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The Hunt for Mushrooms: Facts on Morels

© by Jennifer McLeod writing as jenjen0703, all rights reserved.

Morel Mushrooms

Hunting for Mushrooms

I have been an avid mushroom hunter for years, and I love to traipse through the woods, searching for morel mushrooms. I can easily spend hours in a day searching for morels when I go on a hunt.

Mushroom hunting is an enjoyable activity and is something you can do with your family. This fun pastime has become a yearly tradition for myself and my family. Hunting for mushrooms is a great form of exercise for someone who enjoys nature.

What makes mushroom hunting so much fun is the competition that happens between the hunters. Each person has their own bag for carrying the morels. I laugh when I hear my children yelling, "I found one! Oh, look, there's another one!"

Telling the Difference

There are many mushrooms that we should not eat because they are poisonous. Telling the difference between non-edible mushrooms and morels is not difficult. Morels have distinctive appearance, and once you know what you are looking for, you will have no troubles finding them. They also look like a sponge and have a brain-like appearance.

The most difficult aspect of mushroom hunting is to figure out where they are growing. Morels like certain soil types and prefer to grow in a partially shaded place. Searching for morels is a hit-and-miss situation because they do not grow everywhere. But, once you find a few, chances are there will be more in the immediate area.

Black Morels

Black Morels sprout earlier than the rest of the morels. They may appear gray in color when they first sprout and are more common than others. They range from a half inch to a foot tall in size.

They are also more likely to cause allergic reactions than the other morels, so if you have never eaten them before, start with a few bites to see how your body reacts. Allergic reactions can cause the following symptoms: upset stomach, loss of muscle coordination, and an intensified reaction when mixed with alcohol.

Black morels are also called by the following names:

  • Early Morels
  • Grey Morels
  • Burn-Over Morels
  • Narrow-Capped Morels
  • Witch's Caps
  • Johnny Jump-Ups

Black Morels

Yellow Morels

Yellow Morels can grow up to a foot in height and can vary in colors including whitish, yellow, gray, or honey brown. Out of the three types of morels, yellow morels sprout last in the season. They also have the best flavor out of all the morels.

Another interesting fact about yellow morels is that they can grow to be extremely large and have a thick stem on them.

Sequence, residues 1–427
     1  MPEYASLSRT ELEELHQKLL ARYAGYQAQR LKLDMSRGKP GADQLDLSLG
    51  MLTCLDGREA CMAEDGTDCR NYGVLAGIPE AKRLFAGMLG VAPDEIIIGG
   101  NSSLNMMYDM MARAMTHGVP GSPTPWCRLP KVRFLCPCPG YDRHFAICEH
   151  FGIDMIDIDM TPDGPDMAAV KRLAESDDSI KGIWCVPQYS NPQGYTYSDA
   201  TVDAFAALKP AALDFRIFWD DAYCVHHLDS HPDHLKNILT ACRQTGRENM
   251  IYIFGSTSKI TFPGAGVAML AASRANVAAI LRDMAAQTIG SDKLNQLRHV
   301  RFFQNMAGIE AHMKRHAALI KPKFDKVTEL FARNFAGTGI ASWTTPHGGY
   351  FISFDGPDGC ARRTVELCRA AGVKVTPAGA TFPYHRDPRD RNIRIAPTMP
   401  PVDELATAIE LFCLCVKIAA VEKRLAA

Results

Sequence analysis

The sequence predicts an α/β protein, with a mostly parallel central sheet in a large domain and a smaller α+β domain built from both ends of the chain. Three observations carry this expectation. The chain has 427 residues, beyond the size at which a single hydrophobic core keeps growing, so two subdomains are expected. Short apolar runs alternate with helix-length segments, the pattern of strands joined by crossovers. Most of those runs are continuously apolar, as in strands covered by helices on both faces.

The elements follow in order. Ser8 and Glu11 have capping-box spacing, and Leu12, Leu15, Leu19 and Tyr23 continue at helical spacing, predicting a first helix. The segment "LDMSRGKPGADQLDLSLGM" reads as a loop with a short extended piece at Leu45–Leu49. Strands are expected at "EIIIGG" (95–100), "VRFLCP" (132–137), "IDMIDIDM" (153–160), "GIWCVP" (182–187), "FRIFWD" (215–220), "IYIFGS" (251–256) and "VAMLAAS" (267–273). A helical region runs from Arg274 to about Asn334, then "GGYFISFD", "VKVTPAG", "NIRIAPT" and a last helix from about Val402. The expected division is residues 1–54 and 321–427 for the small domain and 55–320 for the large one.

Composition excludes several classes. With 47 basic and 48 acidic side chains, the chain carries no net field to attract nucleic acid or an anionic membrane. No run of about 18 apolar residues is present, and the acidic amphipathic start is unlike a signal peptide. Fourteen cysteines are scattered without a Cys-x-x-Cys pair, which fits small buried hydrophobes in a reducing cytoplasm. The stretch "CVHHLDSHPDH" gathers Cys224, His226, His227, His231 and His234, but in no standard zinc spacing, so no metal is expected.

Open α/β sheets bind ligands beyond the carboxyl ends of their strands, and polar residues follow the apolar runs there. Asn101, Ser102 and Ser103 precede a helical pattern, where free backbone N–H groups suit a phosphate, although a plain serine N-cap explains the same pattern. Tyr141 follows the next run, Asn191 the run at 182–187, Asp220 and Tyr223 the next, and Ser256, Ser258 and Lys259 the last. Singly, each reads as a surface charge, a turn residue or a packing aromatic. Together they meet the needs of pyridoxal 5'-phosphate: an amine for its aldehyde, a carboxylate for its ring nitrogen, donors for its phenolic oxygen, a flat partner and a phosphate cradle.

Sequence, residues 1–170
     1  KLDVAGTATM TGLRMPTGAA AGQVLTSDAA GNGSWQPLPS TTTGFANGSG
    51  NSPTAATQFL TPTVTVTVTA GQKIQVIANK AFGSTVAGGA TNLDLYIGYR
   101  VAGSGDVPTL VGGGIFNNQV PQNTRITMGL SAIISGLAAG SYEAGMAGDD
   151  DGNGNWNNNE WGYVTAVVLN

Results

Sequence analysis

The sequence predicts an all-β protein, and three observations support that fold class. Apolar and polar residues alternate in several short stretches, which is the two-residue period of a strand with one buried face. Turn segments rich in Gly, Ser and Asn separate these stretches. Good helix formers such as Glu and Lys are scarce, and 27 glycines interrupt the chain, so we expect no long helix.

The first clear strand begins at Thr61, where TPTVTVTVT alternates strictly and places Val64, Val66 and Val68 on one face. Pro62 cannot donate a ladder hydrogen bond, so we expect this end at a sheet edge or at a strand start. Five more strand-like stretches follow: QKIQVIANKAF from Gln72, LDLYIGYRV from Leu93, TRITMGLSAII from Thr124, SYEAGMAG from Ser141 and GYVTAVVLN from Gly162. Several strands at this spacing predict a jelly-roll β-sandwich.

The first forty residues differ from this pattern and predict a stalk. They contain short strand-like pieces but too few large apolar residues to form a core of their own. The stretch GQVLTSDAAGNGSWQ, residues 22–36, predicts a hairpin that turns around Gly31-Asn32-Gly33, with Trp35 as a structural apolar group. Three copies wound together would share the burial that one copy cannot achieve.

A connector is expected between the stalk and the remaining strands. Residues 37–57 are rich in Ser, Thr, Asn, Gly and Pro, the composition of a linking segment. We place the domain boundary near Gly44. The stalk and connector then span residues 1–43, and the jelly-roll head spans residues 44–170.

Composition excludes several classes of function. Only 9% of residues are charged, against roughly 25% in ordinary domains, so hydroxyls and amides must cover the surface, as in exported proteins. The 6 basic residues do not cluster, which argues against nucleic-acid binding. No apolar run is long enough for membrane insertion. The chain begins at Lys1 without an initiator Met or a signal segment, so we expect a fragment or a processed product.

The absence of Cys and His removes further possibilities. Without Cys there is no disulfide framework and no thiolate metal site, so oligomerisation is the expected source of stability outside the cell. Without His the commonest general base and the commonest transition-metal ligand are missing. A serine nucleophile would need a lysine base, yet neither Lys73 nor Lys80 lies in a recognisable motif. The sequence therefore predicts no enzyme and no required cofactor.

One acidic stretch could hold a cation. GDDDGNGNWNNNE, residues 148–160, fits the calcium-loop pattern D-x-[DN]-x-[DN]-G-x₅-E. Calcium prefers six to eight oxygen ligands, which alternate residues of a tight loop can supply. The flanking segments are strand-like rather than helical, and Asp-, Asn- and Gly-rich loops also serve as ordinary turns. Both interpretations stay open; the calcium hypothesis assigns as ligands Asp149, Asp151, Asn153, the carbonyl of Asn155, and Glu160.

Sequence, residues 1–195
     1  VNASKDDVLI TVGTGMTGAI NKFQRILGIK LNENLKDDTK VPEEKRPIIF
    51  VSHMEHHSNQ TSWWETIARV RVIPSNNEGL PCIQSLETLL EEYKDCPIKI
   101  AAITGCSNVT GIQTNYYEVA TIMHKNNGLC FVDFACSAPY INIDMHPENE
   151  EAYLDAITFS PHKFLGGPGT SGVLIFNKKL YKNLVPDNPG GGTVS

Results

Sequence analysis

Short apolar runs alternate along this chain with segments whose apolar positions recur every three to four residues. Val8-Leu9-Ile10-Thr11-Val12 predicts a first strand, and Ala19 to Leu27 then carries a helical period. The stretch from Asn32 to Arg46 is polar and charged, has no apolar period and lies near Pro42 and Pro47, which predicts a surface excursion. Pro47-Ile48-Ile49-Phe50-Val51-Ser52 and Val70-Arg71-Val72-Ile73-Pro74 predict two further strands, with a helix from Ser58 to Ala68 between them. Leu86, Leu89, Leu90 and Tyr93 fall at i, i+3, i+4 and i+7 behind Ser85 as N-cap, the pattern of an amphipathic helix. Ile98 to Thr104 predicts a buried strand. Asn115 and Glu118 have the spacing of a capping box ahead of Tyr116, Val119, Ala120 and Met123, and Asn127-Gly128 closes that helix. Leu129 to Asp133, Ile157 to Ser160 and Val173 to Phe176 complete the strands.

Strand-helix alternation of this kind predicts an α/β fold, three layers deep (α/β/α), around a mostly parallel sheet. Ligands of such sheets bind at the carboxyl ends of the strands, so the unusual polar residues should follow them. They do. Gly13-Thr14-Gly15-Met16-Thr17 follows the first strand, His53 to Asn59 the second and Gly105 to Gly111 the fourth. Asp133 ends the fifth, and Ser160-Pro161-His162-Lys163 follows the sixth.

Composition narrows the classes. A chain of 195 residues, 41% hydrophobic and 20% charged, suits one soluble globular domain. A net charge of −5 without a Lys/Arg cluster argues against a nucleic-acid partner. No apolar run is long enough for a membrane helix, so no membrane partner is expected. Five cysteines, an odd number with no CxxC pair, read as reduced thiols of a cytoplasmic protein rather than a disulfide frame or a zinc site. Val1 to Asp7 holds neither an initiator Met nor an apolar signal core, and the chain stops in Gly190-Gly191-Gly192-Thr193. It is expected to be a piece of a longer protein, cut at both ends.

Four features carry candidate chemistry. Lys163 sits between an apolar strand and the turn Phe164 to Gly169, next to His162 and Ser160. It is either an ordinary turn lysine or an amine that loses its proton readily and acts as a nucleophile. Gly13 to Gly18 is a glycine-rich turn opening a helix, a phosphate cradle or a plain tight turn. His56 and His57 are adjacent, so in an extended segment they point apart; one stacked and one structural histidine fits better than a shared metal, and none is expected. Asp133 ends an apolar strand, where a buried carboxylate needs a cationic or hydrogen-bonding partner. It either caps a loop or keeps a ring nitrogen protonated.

Yellow morels are also known as:

  • Honeycombs
  • Sponges
  • Domes
  • Giant Morels
  • Big Foots
  • Thick Footed Morels

Yellow Morels

Half Free Morels

Half Free Morels sprout after Black Morels season has started and continues into the Yellow Morels season.

This type of mushroom is similar to the other two; however, the heads on Half-Free Morels are tiny in comparison to Black Morels and Yellow Morels.

Yellow Morels are also called:

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  • Peckerheads
  • Cows Heads

Half Free Morels

Where to Look

Morel mushrooms grow best in moist soil, so if spring has been a dry season, they will be more difficult to find. Daytime and nighttime temperatures need to be warm for morels to grow.

Morels prefer to grow in certain places, around certain types of trees, and in certain types of soil. Learning these factors will make the hunt much easier. Places they like to grow include:

  • Apple orchards
  • South and north-facing slopes
  • In sandy soil
  • Near wood piles and sawmills
  • Near dead trees
  • Near cottonwood, poplar, tulip poplar, ash, oak, Hawthorn, and Douglas fir trees
  • Near railroad beds
  • When picking morels, do not pull them out of the ground. Break them off at the base, so as not to pull the roots up.
  • Lightly shake the morel in your hand before putting it into your bag. This helps the spores to fall to the ground, helping it to reseed.

How to Look

Morels like to hide under leaves and underneath dead trees. The best time to find them is right after it rains. Rain makes it easier to find morels because the leaves become wet and heavy, which exposes the mushrooms more. Sometimes, they can be found growing on hills. It is easier to find them on hills if you search for them while facing the hill because they are closer to eye level. If you are facing downhill, morels are more difficult to see.

Be sure to carry a bread bag or some other type of bag. It would be a good idea to take an extra bag or two with you, just in case you get lucky.

Also, if you are like me and have to visit state-owned property or a friend's house to hunt for morels, be careful not to yell out, "I found some!" The reason for being quiet is so that others will not hear your excitement and try to get in on the action.

Hunting for morels is not always successful. You may be looking for awhile before you find any.

From Other Hubbers...

Morel Mushroom Hunting Tips and Recipes

  • Vwriter delivers an excellent article that contains helpful suggestions for your hunt.

Springtime is Morel Season!

  • Jeff Berndt is a Michigander who shares his ideas on hunting for morels.

Preparing Morels

Before you can cook and eat morels, they must be cleaned first. Put them into a bowl of salt water and soak them for 24 hours. This will kill any tiny bugs that might be in them. After that, rinse them well.

There are many ways to cook morels, but I am going to give you my personal recipe.Using a Zip-Lock bag, pour Drake's Mix into it and toss some morels into the bag. Shake the bag until the morels are coated well.

In a hot frying pan, melt enough butter to thickly coat the bottom of it. Fry the morels, rolled in Drakes Mix, until they become browned and crispy. While they are frying, sprinkle some salt and pepper onto the morels to add some flavor.